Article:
U.S. Marine Corps (USMC) Major Felipe A. Bayona is an exchange officer in the Brazilian Marine Corps (CFN, in Portuguese).
The U.S. officer arrived in Brazil in August 2020 and is expected to remain with Brazilian service members until July 2023. A combat engineer officer, Maj. Bayona conducted operations in Japan, East Asia, Afghanistan, Iraq, and some Latin American countries prior to his appointment to the mission in Brazil. He told Diálogo about his experience on Brazilian soil.
Diálogo: What is your current assessment of the mission?
U.S. Marine Corps Major Felipe A. Bayona: Very rewarding, both professionally and personally. Although COVID-19 restrictions prevented me from achieving some of the goals I had set for the first six months in Brazil, I am happy with my achievements so far. I hope to share more experiences with the CFN in the future, such as getting onboard a Brazilian Navy ship, conducting an amphibious landing, participating in riverine operations alongside a riverine battalion in Manaus or the Pantanal, or even participating in a combined arms exercise.
Diálogo: While you serve in Brazil, a Brazilian officer is serving at Marine Corps Base Camp Lejeune, in North Carolina. How important is this integration between the forces of both countries?
Maj. Bayona: The United States and Brazil have a long history of shared beliefs and values. Our forces’ frequent exercises and personnel exchange programs help us keep this joint vision alive. Marines from around the world share a special bond. This is demonstrated by the close relationship that the USMC maintains with regional Marines from countries such as Colombia, Chile, Peru, Argentina, and Brazil.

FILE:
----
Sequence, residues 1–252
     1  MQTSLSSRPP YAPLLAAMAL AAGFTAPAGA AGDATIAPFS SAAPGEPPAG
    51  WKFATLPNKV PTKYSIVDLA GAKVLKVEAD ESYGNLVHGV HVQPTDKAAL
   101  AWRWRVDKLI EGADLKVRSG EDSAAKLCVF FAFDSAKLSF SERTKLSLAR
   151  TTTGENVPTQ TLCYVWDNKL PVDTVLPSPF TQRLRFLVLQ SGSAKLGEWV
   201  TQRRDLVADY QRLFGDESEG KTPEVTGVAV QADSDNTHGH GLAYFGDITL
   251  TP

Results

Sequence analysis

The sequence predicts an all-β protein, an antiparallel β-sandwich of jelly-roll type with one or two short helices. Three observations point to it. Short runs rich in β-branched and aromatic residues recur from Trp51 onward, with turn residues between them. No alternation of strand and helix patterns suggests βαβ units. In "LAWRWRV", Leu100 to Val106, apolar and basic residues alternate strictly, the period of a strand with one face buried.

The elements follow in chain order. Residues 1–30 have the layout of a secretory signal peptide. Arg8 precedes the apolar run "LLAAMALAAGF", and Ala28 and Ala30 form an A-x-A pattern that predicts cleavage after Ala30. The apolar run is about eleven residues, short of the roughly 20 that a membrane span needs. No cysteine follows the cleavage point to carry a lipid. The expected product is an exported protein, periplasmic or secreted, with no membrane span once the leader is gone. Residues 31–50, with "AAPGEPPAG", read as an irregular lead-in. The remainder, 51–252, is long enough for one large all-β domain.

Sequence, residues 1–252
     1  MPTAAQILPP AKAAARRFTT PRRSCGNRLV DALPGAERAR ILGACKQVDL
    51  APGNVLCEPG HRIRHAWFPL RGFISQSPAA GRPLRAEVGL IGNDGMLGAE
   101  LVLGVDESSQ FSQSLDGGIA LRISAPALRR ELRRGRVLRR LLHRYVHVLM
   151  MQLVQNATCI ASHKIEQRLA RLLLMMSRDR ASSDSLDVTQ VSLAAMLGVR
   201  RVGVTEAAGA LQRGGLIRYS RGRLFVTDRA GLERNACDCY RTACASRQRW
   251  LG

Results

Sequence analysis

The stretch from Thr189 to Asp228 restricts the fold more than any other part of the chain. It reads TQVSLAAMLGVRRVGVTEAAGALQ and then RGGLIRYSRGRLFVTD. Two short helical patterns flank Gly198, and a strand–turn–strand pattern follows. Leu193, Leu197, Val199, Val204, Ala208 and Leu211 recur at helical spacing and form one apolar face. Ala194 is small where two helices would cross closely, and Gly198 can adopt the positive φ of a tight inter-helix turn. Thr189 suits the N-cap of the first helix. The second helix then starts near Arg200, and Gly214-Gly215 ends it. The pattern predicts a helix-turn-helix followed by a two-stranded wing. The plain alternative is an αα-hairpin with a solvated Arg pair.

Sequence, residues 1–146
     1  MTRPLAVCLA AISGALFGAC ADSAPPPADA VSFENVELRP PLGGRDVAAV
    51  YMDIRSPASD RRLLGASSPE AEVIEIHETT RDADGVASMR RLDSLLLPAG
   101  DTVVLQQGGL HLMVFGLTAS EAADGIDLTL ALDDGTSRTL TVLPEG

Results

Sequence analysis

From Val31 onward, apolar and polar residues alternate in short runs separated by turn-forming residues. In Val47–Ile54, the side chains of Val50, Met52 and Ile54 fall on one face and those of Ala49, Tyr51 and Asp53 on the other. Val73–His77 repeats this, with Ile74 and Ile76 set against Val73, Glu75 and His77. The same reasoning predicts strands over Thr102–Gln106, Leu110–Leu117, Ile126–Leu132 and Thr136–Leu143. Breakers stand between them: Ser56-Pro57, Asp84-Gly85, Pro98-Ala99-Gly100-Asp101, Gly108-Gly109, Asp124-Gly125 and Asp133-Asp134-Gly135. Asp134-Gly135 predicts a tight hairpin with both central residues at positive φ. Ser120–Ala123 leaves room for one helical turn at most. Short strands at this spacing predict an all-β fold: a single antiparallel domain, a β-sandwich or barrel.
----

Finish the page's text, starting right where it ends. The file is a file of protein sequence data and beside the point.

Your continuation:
Diálogo: Which activities have you been carrying out with the Brazilian Marines?
Maj. Bayona: I was like a sponge during the first five months following my arrival, accumulating as much knowledge as possible about the CFN. This allowed me to contextualize minimal differences in the doctrine between our forces. I also had the opportunity to participate in unit readiness assessments and to join different battalions in the field. Like most marines, going into the field and sharing different ways to conduct operations have been my favorite parts of working in Brazil. Currently, I split my week between working in the Fleet Marine Squad and the CFN Doctrine Development Center. Like any marine, the first step is to carry out physical training. Later in the day, I attend different meetings or exchange ideas with other officers or sergeants.
Diálogo: How can the experience of working with the armed forces of another country add value to your professional journey?
Maj. Bayona: A good example of the benefits of this mission was the opportunity, the first in my career, to really experience something I had studied in the course for combat engineering officers: I was able to decrease an ammunition depot with the Brazilian Combat Engineering Battalion. This is a very rare opportunity in the United States. I think I am more open to other solutions now that I had the opportunity to work with other forces, like the CFN in Brazil.